Dreaming in Public: Building the Occupy Movement

By Kerr Everett
December 17th, 2012

Occupy Wall Street and the regional movements that arose in its wake have been the subject of many books. Dreaming in Public: Building the Occupy Movement by Amy Lang and Daniel Lang/Levitsky (New Internationalist, 2012) seeks to tell Occupy’s story not unlike other works: by collecting mostly pre-published statements, speeches and writings along with a smattering of original pieces on the theory and practice that motivated the movement.

What began as a protest against the growing economic inequality between rich and poor became a point of interest for many campaigns. The encampments in many cities soon faced a number of internal conflicts, including expectations and realities of democracy, sexism and distribution of labor. Ideological differences were manifested in debates over tactics. Dreaming in Public attempts to discuss all these cases and, as such, the book is quite ambitious. There are a lot of included writings available online, such as Rinku Sen’s “Forget Diversity, It’s About ‘Occupying’ Racial Inequity” and others, which are still helpful to have in book form. Although having all these writings is good, the book doesn’t cover any particular set of debates very deeply. As such, this is a good starting point to read about the ideas of Occupy, while other books, like We Are Many: Reflections on Movement Strategy from Occupation to Liberation (AK Press, 2012), could fill in some important areas.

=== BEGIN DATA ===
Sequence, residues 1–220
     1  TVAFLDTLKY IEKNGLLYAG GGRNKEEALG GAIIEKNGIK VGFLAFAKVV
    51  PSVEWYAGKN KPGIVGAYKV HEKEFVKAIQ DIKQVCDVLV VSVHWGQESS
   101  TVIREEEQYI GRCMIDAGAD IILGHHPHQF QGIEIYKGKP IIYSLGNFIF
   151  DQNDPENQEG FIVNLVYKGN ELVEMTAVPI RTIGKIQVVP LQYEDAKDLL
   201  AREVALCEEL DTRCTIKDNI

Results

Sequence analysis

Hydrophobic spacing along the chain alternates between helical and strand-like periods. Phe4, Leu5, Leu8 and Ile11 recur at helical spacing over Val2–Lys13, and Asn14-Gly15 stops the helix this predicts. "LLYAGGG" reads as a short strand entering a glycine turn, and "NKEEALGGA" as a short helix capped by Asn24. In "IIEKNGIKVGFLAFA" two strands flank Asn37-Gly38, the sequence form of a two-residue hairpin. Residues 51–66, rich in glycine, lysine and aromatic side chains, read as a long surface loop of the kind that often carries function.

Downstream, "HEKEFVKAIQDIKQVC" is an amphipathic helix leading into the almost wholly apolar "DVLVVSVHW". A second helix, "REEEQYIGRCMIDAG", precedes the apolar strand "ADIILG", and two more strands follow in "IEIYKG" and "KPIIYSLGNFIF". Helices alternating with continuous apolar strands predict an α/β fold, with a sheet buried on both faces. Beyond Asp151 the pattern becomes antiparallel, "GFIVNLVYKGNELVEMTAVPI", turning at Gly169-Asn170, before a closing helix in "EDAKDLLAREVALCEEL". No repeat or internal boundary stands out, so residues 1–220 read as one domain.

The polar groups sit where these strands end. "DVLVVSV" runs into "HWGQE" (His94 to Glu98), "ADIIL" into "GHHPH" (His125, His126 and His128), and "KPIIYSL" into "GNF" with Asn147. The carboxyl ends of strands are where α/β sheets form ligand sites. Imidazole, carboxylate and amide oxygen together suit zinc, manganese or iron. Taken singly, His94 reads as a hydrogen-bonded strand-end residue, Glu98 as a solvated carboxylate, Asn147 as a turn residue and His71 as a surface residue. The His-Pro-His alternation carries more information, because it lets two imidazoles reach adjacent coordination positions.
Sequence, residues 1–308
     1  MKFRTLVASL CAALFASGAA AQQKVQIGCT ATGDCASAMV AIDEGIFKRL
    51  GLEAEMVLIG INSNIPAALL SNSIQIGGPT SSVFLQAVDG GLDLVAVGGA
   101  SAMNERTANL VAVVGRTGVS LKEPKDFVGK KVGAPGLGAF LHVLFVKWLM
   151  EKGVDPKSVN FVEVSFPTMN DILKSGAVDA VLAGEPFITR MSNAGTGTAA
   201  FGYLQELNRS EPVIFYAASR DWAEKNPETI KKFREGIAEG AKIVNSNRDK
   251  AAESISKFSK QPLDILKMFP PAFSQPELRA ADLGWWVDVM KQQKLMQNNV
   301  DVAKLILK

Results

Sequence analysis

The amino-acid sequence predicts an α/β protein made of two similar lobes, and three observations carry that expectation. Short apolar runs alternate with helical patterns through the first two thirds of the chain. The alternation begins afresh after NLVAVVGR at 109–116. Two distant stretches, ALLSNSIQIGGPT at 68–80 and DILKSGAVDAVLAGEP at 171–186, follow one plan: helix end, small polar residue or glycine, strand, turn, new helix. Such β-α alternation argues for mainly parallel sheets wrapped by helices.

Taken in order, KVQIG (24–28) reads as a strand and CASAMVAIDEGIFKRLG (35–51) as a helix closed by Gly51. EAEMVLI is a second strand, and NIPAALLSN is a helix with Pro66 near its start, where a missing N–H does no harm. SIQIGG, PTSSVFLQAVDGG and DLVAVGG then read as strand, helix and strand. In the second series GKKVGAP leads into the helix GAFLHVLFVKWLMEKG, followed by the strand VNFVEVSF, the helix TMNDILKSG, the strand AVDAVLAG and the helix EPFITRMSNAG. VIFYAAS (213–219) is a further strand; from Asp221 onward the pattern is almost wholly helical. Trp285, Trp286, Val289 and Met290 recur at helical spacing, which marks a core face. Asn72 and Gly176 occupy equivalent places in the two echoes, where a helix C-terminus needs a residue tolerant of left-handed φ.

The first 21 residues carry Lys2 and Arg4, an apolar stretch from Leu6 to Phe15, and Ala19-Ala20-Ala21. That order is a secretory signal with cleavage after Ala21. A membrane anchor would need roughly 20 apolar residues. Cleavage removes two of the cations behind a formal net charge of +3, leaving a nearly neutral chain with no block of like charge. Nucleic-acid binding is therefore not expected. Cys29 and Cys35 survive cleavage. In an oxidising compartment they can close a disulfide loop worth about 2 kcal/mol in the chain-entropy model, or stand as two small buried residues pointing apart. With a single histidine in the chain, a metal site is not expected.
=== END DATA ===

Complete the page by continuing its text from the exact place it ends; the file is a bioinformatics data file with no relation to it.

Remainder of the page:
A bonus to Dreaming in Public is the many Occupy photos and graphics included in the book. It keeps the text from feeling too dry. If you’re brave enough to wade through the pieces that remind you of some of Occupy’s most obnoxious instances (such as bad identity politics, glamorizing homeless people and anarchists marginalizing women and people of color), you will definitely enjoy the creativity showcased in Dreaming in Public.

Although avid watchers of Occupy are unlikely to get a lot out of Dreaming in Public, the book is impressive for the variety of collected essays and could be considered essential for those hoping to see why Occupy garnered the attention it did.

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